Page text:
Recalcitrance, Faulkner, and the Professors (Magill's Literary Annual 1991-2005)
Austin M. Wright has written a rare work of literary theory, a readable and entertaining study of a major theoretical problem that can be understood by a thoughtful reader who is generally unfamiliar with literary theory. The key to his success is his use of the dialectical approach which he adopts from Plato. Wright discusses this method at the end of the book, when he has two of his characters, Charlie Mercer and Eve Birdsong, discuss how their experience of a four-day roundtable can be written up most effectively. There are good theoretical and practical reasons for presenting the ideas they have discovered in the way they discovered them rather than as conclusions based on discussions, but Charlie acknowledges that such an approach will be less efficient than a direct presentation. This approach, however, is what makes the book accessible perhaps even to undergraduates.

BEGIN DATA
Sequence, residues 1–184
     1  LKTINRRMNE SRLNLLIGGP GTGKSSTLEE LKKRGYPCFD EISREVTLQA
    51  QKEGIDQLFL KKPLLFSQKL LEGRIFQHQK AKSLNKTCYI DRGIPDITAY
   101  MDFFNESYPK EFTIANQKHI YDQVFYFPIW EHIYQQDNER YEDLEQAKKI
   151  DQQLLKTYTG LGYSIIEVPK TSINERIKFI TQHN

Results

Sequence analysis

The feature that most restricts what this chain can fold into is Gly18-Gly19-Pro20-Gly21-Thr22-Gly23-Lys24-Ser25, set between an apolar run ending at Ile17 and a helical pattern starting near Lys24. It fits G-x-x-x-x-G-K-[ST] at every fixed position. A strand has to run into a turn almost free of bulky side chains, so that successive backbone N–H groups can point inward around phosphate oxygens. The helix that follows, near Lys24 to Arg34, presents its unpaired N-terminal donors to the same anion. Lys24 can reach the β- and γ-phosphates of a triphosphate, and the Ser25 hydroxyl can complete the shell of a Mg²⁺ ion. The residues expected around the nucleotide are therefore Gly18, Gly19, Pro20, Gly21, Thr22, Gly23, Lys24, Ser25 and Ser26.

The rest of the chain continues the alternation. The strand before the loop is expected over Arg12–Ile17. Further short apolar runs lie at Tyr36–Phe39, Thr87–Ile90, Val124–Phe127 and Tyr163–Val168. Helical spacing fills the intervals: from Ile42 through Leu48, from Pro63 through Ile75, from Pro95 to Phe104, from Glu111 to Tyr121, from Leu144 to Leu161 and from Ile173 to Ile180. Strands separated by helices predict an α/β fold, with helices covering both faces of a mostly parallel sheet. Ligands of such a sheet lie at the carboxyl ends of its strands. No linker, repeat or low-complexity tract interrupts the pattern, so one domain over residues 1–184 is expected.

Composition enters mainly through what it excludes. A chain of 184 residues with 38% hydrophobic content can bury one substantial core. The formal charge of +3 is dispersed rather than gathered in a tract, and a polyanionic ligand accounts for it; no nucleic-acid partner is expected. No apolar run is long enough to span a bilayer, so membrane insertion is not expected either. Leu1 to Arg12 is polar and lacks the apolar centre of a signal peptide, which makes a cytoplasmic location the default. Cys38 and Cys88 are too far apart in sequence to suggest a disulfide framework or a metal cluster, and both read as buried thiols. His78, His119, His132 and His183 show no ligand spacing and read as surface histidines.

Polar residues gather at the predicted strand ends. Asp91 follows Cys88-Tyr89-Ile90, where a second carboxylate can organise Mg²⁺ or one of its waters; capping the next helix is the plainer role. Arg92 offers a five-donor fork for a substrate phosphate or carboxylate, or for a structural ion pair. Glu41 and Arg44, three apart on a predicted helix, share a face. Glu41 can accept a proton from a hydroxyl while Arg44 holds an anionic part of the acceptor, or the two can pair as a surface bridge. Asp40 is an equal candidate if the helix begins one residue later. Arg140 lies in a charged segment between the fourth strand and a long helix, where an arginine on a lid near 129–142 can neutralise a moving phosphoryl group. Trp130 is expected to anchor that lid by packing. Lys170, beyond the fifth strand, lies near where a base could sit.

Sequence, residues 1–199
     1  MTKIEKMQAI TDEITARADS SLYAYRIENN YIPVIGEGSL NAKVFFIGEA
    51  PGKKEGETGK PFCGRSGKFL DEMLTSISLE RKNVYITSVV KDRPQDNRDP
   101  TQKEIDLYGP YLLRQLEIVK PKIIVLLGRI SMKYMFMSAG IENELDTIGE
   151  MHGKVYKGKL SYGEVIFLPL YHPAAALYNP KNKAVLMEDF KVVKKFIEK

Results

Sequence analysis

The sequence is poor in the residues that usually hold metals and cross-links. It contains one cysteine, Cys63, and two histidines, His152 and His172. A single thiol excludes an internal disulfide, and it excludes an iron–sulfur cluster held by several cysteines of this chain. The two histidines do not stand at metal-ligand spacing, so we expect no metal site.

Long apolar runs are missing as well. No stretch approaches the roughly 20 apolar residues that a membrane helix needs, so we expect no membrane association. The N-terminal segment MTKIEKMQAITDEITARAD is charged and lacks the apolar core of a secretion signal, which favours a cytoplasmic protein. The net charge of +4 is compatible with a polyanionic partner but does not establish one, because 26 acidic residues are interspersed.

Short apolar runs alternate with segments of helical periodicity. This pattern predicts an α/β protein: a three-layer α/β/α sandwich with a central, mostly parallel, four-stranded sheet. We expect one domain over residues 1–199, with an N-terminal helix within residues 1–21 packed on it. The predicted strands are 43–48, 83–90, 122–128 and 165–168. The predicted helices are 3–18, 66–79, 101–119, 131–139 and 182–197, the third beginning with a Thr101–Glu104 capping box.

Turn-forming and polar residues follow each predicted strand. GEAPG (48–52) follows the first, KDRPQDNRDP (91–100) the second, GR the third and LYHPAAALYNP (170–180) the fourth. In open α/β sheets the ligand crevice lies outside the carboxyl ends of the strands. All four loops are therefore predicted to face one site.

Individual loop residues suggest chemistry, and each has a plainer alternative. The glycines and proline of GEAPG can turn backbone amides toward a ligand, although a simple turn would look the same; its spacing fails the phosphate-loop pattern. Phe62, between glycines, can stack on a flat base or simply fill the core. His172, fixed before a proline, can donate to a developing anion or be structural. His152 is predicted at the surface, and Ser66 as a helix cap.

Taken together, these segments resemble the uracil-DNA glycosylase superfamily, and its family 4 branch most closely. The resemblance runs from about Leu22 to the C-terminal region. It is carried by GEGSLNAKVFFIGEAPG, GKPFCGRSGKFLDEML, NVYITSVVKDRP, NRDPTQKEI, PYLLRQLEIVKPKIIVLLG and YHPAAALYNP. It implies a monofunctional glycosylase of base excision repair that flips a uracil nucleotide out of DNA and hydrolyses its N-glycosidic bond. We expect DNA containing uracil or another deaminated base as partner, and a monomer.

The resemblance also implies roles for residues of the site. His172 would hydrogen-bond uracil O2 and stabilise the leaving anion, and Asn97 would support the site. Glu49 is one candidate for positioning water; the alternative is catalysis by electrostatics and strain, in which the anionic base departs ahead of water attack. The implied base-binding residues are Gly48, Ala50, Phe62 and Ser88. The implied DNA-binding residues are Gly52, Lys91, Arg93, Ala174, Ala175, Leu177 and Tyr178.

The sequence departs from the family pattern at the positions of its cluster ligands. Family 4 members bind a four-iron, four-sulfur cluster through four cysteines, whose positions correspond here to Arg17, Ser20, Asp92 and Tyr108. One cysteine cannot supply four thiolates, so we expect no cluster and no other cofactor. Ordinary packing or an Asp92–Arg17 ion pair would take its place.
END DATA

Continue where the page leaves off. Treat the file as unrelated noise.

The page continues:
In Arthur Birdsong’s ideal English department, a disturbing rivalry has developed between Bill Tuttle and Jake Jackson. Because they are friendly in public, this rivalry is not easily apparent, but their students notice it in the classroom, because what they learn from Tuttle is contradicted and scorned by Jackson and vice versa. Student Eve Birdsong takes this problem to her friendly junior professoi; Charlie. Both go to her father, and the result is one of his favorite activities, a department round-table. The interested parties gather and agree that Tuttle and Jackson will present...
(The entire section is 2191 words.)
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